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MPP calls on Feds to speed up Cystic Fibrosis drug

November 19, 2020   ·   0 Comments

(Above: New Tecumseth brothers Andre and Joshua Larocque live with Cystic Fibrosis. Contributed photo)

Negotiations for gene modulating drugs that treat cystic fibrosis have dragged on longer than anticipated between the Federal government and Vertex Pharmaceuticals.

Simcoe–Grey MPP Jim Wilson recently sent a letter to Prime Minister Justin Trudeau expressing his frustration around the negotiations and requested that they be expedited since they started in June and have dragged on well beyond the 90 days in which they were expected to conclude.

“I’m extremely disappointed on behalf of cystic fibrosis patients and their families,” he said.

“As a former Minister of Health, I’m all in favour doing good negotiations, trying to get the best price, but not at the expense of suffering patients.”

The gene modulating drugs being negotiated, Orkambi and Kalydeco, effectively eliminate symptoms for cystic fibrosis patients, boosting their resiliency to sickness, lung function and quality of life.

The pan-Canadian Pharmaceutical Alliance (pCPA) negotiates drug prices when new medications come into Canada and is the governing body currently in discussions with Vertex about Orkambi and Kalydeco.

Wilson noted the pCPA is working very slowly in approving cystic fibrosis drugs, making him question if the negotiations are being slowed down to save money.

“When you consider 20 other countries in western democracies like ourselves have approved these drugs… you get very suspicious as to why these politicians, premiers, and health ministers are hiding behind the [pCPA] organization that’s not giving approval,” he charged.

Beeton mother of a cystic fibrosis patient, Beth Vanstone, said she appreciates Wilson’s efforts to expedite the negotiations with Vertex.

Every day that goes by where Canadians can’t access gene modulating drugs could be the difference between life and death, she noted.

A 12-year-old boy died three weeks ago from cystic fibrosis while waiting for Trikafta, a gene modulating drug that is proven to be effective in up to 90 per cent of patients,

“We seem to find money for everything, I don’t know why cystic fibrosis patients don’t matter, if we look at the money that’s been spent on COVID,” Vanstone said.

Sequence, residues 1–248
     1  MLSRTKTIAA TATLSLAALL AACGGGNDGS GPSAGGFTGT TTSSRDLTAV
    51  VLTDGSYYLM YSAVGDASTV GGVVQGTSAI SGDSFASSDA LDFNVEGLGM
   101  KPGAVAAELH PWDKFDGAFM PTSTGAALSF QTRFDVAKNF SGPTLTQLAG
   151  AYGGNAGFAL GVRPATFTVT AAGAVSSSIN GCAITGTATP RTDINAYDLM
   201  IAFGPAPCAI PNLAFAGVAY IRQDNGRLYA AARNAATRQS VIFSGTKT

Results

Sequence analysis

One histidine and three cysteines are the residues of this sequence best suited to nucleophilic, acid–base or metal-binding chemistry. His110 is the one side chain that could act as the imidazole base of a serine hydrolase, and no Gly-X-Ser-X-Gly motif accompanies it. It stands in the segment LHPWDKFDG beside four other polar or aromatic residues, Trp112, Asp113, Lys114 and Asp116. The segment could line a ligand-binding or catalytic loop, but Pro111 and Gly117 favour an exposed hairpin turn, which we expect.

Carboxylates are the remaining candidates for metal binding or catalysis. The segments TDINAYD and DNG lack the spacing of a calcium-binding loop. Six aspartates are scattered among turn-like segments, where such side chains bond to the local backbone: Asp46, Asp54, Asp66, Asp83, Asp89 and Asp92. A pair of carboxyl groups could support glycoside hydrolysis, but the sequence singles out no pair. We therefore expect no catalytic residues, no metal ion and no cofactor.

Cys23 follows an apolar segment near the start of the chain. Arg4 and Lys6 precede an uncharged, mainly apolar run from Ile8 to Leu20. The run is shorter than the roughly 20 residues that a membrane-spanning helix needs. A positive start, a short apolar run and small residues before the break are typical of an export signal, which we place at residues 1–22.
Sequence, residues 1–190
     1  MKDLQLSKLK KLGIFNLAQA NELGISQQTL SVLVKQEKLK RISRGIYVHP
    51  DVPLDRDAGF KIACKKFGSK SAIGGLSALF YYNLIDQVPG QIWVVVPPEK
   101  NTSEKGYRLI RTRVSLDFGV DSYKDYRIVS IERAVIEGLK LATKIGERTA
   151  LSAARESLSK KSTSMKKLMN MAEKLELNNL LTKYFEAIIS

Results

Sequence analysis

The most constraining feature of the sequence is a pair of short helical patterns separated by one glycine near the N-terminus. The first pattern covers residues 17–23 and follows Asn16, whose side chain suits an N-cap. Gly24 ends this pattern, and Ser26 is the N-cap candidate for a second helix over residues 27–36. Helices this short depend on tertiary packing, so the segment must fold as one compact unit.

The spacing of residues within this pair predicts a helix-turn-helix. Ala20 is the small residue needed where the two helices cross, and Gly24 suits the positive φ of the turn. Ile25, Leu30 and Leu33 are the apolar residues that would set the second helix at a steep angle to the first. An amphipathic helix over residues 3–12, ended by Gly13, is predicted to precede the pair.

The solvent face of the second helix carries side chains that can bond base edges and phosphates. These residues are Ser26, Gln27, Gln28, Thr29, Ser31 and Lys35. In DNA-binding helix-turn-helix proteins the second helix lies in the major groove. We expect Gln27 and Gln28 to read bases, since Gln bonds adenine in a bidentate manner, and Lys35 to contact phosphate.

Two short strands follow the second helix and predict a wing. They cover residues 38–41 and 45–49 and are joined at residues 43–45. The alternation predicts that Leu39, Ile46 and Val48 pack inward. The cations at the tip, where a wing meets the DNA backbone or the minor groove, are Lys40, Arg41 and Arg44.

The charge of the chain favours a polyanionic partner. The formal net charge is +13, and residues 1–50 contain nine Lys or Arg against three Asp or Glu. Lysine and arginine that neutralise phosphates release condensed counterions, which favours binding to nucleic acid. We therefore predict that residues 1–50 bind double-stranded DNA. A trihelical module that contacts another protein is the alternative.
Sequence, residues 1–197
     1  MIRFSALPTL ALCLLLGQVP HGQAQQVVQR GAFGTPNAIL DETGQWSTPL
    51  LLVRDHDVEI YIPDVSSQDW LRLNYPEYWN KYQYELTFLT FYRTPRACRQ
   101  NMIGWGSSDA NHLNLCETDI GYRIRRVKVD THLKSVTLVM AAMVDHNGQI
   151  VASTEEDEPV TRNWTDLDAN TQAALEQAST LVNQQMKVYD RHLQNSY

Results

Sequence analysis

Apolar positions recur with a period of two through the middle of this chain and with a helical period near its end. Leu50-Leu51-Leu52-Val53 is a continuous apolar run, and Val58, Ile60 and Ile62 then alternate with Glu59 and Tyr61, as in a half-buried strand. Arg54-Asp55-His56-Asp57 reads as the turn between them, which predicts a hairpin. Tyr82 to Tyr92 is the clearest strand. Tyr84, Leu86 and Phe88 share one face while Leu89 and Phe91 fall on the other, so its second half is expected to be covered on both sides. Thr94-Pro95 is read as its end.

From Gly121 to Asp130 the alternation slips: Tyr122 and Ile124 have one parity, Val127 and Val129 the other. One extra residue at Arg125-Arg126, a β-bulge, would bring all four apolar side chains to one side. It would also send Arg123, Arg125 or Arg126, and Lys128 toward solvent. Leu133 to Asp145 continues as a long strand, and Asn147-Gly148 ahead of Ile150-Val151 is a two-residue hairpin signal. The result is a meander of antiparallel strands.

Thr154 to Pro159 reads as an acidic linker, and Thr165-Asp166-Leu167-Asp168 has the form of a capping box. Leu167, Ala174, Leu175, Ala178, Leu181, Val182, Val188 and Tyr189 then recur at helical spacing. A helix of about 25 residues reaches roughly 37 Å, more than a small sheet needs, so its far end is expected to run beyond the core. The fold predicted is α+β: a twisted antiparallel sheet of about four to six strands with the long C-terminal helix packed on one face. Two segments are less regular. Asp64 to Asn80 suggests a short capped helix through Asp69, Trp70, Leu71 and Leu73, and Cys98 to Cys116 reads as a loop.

She said the difference gene modulating drugs have on patients’ lives cannot be understated.

“It’s incredible because they actually correct the defect in the gene that causes the disease,” Vanstone explained.

Her daughter, Madi, has cystic fibrosis and her health was rapidly declining eight years ago, when she was 11, before being selected for a trial on Kalydeco, which treats four per cent of people with the disease.

“For us, it was like hitting the lottery,” Vanstone said. “She did phenomenal, her lung function went from 70 to 115 per cent of expected value in a matter of 30 days. Her whole life changed when she went on that drug.”

“It’s pretty remarkable to have a disease that is changed by two pills a day,” she added.

Without Kalydeco, Madi was heading towards a lung transplant or death, Vanstone noted.

“Her and I trekked the Great Wall of China last September for five days, we did eight hours a day, up and down, raising money for CF Canada. That’s how great her health is now in comparison to where it was,” she explained.

Sasha Larocque, mother of two boys with cystic fibrosis in Tottenham, said the delay in negotiations with Vertex is incredibly disheartening.

“I don’t have the words to describe that feeling of not knowing and being ignored when you know your children’s life is literally on the line, I just never thought we’d be at this point to be quite honest,” she said.

“Not only do these drugs save lives of patients who are at the end stages of their disease, if you can get them to the patients early enough, like my children that are still young enough and stable enough, you can prevent that disease from progressing to the end stage so quickly.”

Larocque told The Times she’s even had discussions with her husband about moving to one of the 24 other countries that publicly fund the drugs to gain access to the lifesaving medication, since Canada has had so many delays.

MPP Wilson said he directed his letter regarding the pCPA negotiations to Justin Trudeau in an effort to achieve some leadership from higher levels of government since that’s what’s worked in other countries.

For example, former U.K. Prime Minister Theresa May negotiated directly with Vertex to get gene modulators approved after developing an understanding that people in her country with cystic fibrosis were needlessly suffering.

“She was shocked that they were being held up for years and she personally took it on to negotiate with Vertex,” Wilson explained.

“I’m hoping that the leaders in each of our provinces will look at this and say this is unnecessary suffering.”

By Sam Odrowski
Local Journalism Initiative Reporter



         


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